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By Grain Producers Australia Chair and WA Grain Producer Barry Large

There's an awful lot of noise being made right now about the prices every day Australians are being charged at the checkout, whilst the big supermarkets rake-in record profits.

Added to this political rhetoric driven by the cost-of-living crisis is an apparent concern about the need to ensure Australian farmers receive their fair share of the retail dollar.

That's seen the Federal Government trigger several recent actions in response, including an ACCC inquiry which comes on the back of the media pressure applied by Shadow Agriculture Minister David Littleproud, since early January.

Prime Minister Anthony Albanese's media release said last week that over the next 12-months the ACCC will investigate allegations of price gouging and competition in the supermarket sector to "ensure Australians are paying a fair price for their groceries".

One of the key matters to be considered by the competition watch-dog includes "factors influencing prices along the supply chain, including the difference between farmgate and supermarket prices".

The Prime Minister said in the release that "when farmers are selling their product for less, supermarkets should charge Australians less. That's why the ACCC will use its significant powers to probe the difference between the price paid at the farm gate, and the prices people pay at the check-out."

Added to this ACCC inquiry is the recent announcement of a review of the Food and Grocery Code of Conduct to be conducted by former Labor Minister Dr Craig Emerson.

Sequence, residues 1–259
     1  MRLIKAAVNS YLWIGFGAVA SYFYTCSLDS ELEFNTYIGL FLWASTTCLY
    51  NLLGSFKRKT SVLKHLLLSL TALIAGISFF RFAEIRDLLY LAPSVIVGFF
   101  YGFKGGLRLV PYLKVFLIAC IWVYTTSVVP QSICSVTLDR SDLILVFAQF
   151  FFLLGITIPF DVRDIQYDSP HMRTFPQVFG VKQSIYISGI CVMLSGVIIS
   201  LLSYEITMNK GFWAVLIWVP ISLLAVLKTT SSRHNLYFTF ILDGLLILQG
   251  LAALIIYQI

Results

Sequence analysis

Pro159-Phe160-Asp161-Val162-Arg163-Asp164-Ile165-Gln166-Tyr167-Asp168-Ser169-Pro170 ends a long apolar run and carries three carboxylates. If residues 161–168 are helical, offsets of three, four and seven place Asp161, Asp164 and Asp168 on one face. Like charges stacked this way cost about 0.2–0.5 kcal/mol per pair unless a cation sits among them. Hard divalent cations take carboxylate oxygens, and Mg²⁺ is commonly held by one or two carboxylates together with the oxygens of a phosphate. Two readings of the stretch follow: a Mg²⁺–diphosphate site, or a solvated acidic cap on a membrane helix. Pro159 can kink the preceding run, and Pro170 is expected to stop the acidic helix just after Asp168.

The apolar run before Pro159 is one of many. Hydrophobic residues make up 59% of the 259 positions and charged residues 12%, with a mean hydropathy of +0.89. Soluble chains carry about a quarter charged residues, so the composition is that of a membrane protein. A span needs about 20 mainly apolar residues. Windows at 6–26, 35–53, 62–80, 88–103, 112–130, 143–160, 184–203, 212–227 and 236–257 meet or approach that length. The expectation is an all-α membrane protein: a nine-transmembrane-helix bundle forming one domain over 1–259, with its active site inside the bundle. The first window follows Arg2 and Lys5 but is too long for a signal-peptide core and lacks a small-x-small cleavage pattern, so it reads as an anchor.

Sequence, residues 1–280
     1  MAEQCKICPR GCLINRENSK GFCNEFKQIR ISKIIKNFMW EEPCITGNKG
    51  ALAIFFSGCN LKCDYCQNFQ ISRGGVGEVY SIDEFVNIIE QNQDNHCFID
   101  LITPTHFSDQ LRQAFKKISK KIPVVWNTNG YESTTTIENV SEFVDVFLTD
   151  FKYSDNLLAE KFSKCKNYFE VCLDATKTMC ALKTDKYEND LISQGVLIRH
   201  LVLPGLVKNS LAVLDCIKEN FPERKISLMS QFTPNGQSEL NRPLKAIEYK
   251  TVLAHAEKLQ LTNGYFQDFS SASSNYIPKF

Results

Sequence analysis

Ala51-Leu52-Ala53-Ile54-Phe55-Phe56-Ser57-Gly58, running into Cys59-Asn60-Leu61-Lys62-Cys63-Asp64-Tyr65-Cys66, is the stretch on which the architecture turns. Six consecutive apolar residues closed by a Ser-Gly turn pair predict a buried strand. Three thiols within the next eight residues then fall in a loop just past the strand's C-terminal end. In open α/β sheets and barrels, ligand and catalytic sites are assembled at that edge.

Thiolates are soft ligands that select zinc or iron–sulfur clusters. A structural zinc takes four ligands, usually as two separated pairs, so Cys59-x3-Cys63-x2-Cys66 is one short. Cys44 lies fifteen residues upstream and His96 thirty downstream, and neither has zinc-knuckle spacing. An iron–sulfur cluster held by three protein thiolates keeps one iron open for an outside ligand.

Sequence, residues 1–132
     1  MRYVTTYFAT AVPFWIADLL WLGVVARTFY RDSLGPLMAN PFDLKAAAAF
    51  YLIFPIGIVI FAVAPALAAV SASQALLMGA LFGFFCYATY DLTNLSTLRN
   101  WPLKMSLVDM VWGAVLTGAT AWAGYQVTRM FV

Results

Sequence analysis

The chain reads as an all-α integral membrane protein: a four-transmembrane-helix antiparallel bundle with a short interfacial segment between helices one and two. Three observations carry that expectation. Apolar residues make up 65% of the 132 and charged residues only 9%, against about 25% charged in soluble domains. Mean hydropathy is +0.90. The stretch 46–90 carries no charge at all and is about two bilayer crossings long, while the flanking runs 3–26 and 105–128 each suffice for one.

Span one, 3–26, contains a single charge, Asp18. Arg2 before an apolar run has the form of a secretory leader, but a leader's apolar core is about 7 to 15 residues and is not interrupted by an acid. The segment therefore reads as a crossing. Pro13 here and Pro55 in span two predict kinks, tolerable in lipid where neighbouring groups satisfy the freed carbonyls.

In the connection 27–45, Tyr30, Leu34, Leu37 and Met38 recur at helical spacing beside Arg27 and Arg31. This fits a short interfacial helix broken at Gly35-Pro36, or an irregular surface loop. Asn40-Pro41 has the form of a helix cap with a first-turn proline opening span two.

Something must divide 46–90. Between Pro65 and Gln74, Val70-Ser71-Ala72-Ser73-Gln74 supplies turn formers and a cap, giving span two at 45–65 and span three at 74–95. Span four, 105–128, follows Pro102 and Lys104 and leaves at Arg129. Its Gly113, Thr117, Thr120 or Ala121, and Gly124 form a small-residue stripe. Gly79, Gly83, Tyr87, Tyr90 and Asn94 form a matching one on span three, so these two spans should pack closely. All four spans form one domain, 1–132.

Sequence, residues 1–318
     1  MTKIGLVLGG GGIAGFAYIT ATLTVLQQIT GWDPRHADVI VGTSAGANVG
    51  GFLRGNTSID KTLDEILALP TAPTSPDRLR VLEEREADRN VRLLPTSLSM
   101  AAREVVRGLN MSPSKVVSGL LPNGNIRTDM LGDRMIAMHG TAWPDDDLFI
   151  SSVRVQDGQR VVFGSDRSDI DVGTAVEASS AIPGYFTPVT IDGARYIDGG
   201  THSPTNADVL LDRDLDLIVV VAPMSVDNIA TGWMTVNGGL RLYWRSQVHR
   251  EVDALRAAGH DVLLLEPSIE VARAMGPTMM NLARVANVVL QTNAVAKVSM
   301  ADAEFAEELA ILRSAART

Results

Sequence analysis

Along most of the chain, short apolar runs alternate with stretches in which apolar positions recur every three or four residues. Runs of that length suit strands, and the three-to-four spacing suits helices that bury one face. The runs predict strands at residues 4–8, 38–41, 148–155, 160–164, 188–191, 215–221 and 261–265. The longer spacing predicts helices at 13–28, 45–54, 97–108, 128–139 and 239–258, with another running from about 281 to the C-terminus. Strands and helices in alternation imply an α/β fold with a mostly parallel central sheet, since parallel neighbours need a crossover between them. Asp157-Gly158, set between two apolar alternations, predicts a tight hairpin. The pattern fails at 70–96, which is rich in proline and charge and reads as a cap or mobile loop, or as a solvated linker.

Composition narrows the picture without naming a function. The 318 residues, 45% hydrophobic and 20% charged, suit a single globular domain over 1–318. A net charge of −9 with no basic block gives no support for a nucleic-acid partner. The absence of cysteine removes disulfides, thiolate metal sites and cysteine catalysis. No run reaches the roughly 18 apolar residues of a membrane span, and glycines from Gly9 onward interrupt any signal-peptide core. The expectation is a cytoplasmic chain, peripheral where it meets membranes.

In addition, more than $1 million will go to consumer group CHOICE to provide price transparency and comparison reports on a quarterly basis for three years.

All this talk about a fair go for farmers and pricing fairness might sound fantastically good to the innocent observer.

Pic: Grain Producers Australia Chair and WA Grain Producer Barry Large.

But if you're a grain farmer or a member of GPA that's been advocating for an independent, proactive inquiry into the Australian grains market in recent years, to improve pricing transparency and optimise competition, you may well be left scratching your head.

Meanwhile, in announcing the second review of the Wheat Port Code recently, the government said the findings of the first review handed down six years ago won't be implemented now because so much time has lapsed since 2018, the review's 12 recommendations are now out of date.

It seems not all farmers are worth worrying about when it comes to the prices they receive.

In addition, there's no mention by the Prime Minister and Treasurer – amid all this noise about fair farmgate returns – of the fact they're planning to introduce a new 10 per cent biosecurity tax on all Australian farmers, which will come directly off our bottom lines.

This funding, via a tax disguised as a levy, will go straight into consolidated government revenue.

And there's no guarantee funds will actually be re-directed anywhere to deliver stronger biosecurity protections for farmers – such as those delivered through existing levies.